I research and write about Franz Marc, animals in art, and the historical avant-garde, for the most part, and also occasionally do book and art exhibition reviews, which I take quite seriously since these efforts do after all represent in many cases someone’s life work. I will also go to almost any contemporary art exhibition, and am very interested in electronic music, dancing, and walking.

    My PhD in Art History and German is from the University of Otago, where I wrote my dissertation, How Franz Marc Returns. In addition to my doctoral scholarship I was supported in my research with a year’s fellowship at the Ludwig-Maximilians-Universität München, by several European Commission Mobility Erasmus+ grants through the Tier-Mensch-Gesellschaft at Universität Kassel, and by the Centre for Digital Humanities at Universität Trier. I have a master’s degree in Library and Information Science and an MA and BA in Art History from the University of South Florida.

    This first postdoctoral year has seen fellowships at the Robert Gore Rifkind Center for the Study of German Expressionism at the Los Angeles County Museum of Art and at the Musée National d’Art Moderne/Centre Pompidou, but also jobs teaching art history at the Hillsborough County Public Library Cooperative and lots of applicating, writing, and editing. I am the technology manager and publications editor for the Italian Art Society and the exhibitions conservator for the Chihuly Collection.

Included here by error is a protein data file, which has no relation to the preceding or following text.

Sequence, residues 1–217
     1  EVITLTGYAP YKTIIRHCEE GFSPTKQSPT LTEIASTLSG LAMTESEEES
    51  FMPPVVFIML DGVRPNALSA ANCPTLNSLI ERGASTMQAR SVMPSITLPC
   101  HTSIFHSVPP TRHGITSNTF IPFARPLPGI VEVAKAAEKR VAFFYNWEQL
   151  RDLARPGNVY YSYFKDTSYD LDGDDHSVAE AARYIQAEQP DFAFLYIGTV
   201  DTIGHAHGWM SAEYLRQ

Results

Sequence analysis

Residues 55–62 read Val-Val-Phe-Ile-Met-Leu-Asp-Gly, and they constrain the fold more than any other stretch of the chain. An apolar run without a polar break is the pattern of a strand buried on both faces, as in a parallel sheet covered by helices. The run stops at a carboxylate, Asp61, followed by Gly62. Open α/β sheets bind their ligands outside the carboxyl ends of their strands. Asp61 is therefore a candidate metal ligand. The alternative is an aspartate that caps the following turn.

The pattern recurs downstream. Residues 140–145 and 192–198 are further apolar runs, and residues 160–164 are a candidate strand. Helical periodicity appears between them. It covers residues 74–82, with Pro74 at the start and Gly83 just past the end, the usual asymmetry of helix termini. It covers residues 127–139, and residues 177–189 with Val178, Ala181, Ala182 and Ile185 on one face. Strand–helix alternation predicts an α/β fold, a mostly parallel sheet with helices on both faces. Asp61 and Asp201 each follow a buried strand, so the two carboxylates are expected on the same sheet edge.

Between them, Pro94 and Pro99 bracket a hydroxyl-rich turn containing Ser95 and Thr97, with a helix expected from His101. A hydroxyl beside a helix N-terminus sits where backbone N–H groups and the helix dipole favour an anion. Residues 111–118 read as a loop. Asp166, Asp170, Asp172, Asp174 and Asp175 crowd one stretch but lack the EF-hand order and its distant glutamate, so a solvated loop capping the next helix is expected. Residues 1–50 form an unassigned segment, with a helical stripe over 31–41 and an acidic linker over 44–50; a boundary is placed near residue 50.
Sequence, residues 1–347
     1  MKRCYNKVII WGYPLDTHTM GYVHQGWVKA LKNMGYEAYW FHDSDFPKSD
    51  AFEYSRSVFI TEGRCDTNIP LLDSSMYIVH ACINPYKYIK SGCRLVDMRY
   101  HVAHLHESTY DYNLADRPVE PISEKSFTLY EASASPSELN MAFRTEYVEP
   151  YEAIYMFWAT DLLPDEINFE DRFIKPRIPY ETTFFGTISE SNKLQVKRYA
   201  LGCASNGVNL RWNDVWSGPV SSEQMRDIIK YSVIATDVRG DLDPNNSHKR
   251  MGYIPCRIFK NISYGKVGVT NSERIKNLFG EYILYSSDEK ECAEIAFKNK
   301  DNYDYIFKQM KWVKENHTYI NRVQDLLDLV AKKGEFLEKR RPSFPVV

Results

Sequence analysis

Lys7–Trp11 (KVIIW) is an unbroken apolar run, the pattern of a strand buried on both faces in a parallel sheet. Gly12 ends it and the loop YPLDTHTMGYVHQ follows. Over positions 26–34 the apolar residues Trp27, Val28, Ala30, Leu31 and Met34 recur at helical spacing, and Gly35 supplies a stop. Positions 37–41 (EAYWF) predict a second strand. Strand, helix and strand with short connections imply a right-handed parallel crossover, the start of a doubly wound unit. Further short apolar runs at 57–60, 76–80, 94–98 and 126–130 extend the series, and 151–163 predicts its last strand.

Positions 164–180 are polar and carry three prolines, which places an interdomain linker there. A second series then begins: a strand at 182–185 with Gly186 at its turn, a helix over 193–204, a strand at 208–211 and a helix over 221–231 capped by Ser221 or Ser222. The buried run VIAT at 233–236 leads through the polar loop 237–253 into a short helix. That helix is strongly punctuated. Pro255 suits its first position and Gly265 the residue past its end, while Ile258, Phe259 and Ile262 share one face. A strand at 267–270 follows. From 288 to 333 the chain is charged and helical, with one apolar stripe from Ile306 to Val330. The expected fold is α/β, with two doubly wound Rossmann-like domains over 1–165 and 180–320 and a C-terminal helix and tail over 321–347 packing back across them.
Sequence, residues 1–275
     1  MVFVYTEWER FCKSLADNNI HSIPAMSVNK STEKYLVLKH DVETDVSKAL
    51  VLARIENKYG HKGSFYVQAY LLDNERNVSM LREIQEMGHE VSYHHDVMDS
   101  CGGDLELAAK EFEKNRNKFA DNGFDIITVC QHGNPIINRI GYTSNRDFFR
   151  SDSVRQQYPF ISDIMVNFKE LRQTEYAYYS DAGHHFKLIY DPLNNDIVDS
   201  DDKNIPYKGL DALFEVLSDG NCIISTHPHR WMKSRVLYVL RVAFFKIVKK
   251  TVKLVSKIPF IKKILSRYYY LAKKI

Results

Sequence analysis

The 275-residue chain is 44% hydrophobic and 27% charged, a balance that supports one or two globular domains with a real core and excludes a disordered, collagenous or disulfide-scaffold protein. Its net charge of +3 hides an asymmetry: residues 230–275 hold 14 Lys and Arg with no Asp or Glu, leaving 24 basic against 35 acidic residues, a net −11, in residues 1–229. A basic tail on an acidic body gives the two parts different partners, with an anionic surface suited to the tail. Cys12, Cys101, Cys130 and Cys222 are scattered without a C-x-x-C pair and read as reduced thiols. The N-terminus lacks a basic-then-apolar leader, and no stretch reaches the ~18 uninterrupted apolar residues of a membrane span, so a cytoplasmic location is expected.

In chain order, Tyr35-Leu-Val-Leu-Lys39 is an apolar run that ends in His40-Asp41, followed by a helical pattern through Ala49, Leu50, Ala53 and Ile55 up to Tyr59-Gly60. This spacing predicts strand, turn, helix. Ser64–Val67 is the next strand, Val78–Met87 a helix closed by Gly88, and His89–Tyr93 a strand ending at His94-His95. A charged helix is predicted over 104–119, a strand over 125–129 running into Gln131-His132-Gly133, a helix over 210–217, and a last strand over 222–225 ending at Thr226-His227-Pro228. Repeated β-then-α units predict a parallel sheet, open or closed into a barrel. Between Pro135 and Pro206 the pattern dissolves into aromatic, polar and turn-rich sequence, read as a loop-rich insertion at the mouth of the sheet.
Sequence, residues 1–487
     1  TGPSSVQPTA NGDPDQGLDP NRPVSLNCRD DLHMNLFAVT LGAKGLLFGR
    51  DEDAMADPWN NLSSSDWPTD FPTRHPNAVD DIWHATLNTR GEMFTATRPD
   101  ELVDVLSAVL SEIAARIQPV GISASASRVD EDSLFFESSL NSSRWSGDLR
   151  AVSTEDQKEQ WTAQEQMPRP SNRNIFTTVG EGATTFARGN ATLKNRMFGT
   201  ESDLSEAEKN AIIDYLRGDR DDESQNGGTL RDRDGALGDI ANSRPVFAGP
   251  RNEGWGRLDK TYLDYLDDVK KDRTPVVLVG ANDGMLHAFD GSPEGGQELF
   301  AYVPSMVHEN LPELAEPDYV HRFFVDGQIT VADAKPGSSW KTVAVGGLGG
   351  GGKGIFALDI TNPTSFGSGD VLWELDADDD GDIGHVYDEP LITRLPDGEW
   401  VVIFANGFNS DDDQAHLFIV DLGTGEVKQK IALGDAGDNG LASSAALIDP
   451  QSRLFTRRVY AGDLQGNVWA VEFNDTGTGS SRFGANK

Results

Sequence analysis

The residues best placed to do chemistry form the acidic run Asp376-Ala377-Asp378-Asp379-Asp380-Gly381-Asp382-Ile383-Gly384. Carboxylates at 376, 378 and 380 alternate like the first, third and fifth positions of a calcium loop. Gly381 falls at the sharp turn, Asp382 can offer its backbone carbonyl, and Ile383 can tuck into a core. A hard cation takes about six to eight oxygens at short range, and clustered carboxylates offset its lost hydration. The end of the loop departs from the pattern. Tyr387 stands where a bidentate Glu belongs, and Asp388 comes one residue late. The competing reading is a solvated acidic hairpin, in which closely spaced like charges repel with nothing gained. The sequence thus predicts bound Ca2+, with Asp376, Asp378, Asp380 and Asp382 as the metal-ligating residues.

Love for and curiosity about animals is the constant of my life, and that force is what drove me initially to pursue an interdisciplinary study of ethology, empathy, and activism, using the aesthetically pleasing, confounding, and touching images of animals made by Franz Marc at the beginning of the 20th Century as a platform and fulcrum. However, my earlier professional background is in investigative journalism, and as soon as I begin to seriously assess primary archival sources about Franz Marc, I realised that despite his seeming omnipresence in the canon of German Modernism, Marc’s real story was almost completely unknown.

    So I continue to combine animal studies with Marc in an effort to honour and illuminate both, and to produce and provoke new questions, and hopefully a few answers.

     

    Email

    I enjoy corresponding with people about art history and animals and normally respond quickly!

     

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    The only social media I participate in; this feed in German and English is mostly about art history and animals.